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Classics in the Modern WorldA Democratic Turn?$
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Lorna Hardwick and Stephen Harrison

Print publication date: 2013

Print ISBN-13: 9780199673926

Published to Oxford Scholarship Online: January 2014

DOI: 10.1093/acprof:oso/9780199673926.001.0001

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Heroes or Villains

Heroes or Villains

The Gracchi, Reform, and the Nineteenth-Century Press

Chapter:
(p.300) (p.301) 22 Heroes or Villains
Source:
Classics in the Modern World
Author(s):

Sarah Butler

Publisher:
Oxford University Press
DOI:10.1093/acprof:oso/9780199673926.003.0022

By the early nineteenth century, the Enclosure Acts had deprived rural workers of the use of common land. This, together with the industrialization of the nation, resulted in workers migrating to already overcrowded and unhealthy cities. The situation of the urban masses bore some superficial similarity to the situation of the free peasantry of Rome (at least in Plutarch’s popular version of the agrarian crisis) pushed off their small plots of land and into the city. With signs of a new militancy and the rise of reform movements in response to industrialization and urbanization, some commentators drew parallels with Roman Republican history. This chapter charts the way the struggle for social, economic, and political reform was partly conducted via engagement with the ancient world. It focuses particularly on the alignments that appeared in the press between the Republican reformers, Tiberius and Gaius Gracchus, and modern reformers as the Gracchi became emblematic of working-class struggles.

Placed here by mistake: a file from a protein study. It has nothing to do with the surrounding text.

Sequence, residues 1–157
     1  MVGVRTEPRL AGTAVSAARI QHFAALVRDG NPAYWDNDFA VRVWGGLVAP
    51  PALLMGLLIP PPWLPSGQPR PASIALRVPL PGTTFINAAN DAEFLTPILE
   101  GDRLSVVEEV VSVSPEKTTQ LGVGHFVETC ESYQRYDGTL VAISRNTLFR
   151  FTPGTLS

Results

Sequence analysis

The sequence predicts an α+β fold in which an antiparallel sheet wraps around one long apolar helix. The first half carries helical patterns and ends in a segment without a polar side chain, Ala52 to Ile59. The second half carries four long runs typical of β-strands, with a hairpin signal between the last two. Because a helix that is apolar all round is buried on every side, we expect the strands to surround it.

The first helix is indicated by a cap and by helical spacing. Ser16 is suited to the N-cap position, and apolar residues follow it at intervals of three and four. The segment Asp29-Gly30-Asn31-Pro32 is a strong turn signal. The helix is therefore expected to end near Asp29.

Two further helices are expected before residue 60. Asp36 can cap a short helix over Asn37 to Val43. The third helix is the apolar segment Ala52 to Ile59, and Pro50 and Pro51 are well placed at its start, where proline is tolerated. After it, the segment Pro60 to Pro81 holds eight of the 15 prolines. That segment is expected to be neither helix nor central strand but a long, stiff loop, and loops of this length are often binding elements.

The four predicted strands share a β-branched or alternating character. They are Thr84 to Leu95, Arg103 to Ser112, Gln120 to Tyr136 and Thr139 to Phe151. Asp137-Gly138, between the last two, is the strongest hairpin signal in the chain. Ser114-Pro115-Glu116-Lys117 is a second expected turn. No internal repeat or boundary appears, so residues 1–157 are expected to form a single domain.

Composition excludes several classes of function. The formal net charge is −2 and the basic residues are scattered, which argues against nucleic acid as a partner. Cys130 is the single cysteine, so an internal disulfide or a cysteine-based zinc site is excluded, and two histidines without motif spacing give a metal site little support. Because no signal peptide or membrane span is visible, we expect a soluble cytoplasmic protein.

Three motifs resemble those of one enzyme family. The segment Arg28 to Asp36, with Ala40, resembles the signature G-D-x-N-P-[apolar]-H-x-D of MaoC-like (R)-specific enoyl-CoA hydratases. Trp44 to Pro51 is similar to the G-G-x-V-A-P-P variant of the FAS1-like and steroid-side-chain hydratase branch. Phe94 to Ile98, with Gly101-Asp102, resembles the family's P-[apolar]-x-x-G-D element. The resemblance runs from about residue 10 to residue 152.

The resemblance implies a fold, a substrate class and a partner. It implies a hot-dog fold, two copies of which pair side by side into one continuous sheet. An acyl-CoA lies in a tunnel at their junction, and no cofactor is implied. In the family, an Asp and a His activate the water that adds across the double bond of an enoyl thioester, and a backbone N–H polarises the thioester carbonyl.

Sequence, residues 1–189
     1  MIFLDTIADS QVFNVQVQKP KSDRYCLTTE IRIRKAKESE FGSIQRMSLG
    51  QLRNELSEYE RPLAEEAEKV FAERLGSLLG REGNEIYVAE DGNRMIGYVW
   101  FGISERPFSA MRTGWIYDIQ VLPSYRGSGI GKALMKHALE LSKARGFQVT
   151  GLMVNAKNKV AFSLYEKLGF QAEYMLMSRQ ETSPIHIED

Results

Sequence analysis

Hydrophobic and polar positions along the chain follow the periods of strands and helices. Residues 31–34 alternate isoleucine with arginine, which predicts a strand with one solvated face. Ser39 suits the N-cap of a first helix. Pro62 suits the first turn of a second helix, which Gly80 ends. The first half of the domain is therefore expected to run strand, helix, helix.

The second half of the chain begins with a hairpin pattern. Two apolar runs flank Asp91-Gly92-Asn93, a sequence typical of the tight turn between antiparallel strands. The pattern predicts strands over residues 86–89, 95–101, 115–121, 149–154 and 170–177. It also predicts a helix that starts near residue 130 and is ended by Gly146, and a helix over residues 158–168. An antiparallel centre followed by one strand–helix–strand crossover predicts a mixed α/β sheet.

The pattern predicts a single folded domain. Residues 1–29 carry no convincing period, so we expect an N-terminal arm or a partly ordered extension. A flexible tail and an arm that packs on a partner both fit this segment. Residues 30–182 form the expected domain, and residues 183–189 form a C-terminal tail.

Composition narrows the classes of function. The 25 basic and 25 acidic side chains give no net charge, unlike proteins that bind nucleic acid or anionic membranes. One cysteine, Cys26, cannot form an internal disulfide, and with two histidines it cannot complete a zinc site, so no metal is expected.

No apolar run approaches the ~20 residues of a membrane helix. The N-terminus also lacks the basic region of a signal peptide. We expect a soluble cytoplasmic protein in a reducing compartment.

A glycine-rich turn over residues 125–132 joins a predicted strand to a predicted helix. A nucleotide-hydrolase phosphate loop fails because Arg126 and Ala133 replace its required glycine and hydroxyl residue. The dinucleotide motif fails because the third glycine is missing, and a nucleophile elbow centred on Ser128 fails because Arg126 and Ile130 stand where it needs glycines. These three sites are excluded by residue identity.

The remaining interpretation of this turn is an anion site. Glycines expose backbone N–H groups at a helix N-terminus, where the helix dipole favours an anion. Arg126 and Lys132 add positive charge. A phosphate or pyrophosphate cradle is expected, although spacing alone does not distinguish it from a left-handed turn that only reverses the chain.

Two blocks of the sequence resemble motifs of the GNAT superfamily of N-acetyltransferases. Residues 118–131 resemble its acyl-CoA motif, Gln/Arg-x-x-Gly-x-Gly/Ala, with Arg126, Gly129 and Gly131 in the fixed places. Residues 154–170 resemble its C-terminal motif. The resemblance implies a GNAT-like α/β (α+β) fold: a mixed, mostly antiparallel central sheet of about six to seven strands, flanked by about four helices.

Keywords:   urban masses, gracchi, industrialization, reform, newspapers

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